Event sourcing describes the concept that all changes to your application’s state is captured as a sequence of events. This includes the possibility to query the application state. Additionally we can use the event log to reconstruct and inspect past states. This concept is the foundation of the Eventuate framework which we are going to use for our test application.

Without going into too much detail here, Martin Fowler wrote a great article on event sourcing describing the concept with a small example of a business application.


Below, we look at some of the basic building blocks of an example application we are going to chaos test further on.


Akka is the framework for actor-based programming on the JVM. It is heavily inspired by Erlang/OTP.

If you look on Akka’s landing page on you can see the framework’s focus is clearly on those of a reactive system we just described:

Akka is a toolkit and runtime for building highly concurrent, distributed, and resilient message-driven applications on the JVM.

So if we are going to believe what is said there, we are obviously picking the right tool for the job. Being message-driven by design and providing a sophisticated supervision model between actors, Akka’s claim seems to be justified as well.


As we said earlier we are focussing on event-sourced applications to achieve a truly reactive system architecture. Eventuate is an open-source framework developed by the RedBull Media House which we are using and testing in the following:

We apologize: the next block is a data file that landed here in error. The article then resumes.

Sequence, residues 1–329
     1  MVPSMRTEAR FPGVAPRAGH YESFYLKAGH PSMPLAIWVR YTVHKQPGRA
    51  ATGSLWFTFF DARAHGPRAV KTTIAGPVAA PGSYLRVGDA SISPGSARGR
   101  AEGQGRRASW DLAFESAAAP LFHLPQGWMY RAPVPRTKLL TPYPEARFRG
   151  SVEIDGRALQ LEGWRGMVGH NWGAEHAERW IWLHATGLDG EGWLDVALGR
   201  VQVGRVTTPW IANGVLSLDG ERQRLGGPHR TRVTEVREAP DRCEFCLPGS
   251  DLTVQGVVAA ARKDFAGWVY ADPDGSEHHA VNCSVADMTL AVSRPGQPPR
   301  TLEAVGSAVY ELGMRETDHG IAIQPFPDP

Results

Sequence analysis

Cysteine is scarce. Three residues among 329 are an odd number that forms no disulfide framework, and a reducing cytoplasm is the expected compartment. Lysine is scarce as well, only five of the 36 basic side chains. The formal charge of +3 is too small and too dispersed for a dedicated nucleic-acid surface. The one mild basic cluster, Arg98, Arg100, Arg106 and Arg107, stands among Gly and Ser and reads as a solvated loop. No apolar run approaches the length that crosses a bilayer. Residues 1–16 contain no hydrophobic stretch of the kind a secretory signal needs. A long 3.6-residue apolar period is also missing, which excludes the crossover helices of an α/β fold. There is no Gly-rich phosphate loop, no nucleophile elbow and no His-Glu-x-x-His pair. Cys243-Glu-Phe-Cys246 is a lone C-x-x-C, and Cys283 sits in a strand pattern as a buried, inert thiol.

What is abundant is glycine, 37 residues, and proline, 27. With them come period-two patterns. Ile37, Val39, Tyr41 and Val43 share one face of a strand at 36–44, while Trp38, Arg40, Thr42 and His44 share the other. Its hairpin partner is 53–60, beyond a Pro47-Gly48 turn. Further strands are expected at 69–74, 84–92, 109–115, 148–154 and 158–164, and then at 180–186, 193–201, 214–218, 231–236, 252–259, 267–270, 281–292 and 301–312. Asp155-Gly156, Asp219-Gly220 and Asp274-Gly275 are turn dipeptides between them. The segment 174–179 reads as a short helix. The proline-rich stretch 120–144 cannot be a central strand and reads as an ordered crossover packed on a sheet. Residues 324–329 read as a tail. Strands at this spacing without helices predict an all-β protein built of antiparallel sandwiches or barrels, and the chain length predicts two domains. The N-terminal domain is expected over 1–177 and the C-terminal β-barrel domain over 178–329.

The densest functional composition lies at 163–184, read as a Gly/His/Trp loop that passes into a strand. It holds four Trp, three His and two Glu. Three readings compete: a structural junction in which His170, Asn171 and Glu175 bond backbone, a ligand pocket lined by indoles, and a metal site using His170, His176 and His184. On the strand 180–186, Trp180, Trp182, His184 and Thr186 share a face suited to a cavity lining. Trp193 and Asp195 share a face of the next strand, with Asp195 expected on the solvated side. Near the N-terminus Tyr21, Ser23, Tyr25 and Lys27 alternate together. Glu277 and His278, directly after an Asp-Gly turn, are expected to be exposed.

Eventuate is a toolkit for building distributed, highly-available and partition-tolerant event-sourced applications. It is written in Scala and built on top of Akka, a toolkit for building highly concurrent, distributed, and resilient message-driven applications on the JVM.

Example application

Most of the chaos testing setup I am describing in here was developed as part of the eventuate-chaos project that tests the Eventuate framework during several chaos setups. For that reason I will first describe one of the most relevant test scenarios to describe the basic possibilities of chaos testing.

In a future blog post I will extend the chaos testing to an small example application that may describe a more real-world scenario.

Operation-based counter CRDT

The application is a operation-based counter CRDT service that is distributed among three Eventuate locations (each represented by a separate node). The counter CRDT service is part of the Eventuate library itself. The persistence of the event-sourced services is driven by a Cassandra storage backend for each location.


The application will basically consist of the following components:

  • Location 1:
    • CRDT counter service 1 (L1)
    • Cassandra node 1 (C1)
  • Location 2:
    • CRDT counter service 2 (L2)
    • Cassandra node 2 (C2)
  • Location 3:
    • CRDT counter service 3 (L3)
    • Cassandra node 3 (C3)

Application overview

C1 C2 C3 L1 L3 L2 storage backend replication connection

application overview

The illustration above describes the relations between the participating nodes we are working with in this example. The connections between the shown nodes also describe the Eventuate replication connections. These form a replication network of event-sourced messages that are distributed between the connected nodes. The Eventuate documentation explains the details of replicated state between event-sourced actors under the event collaboration.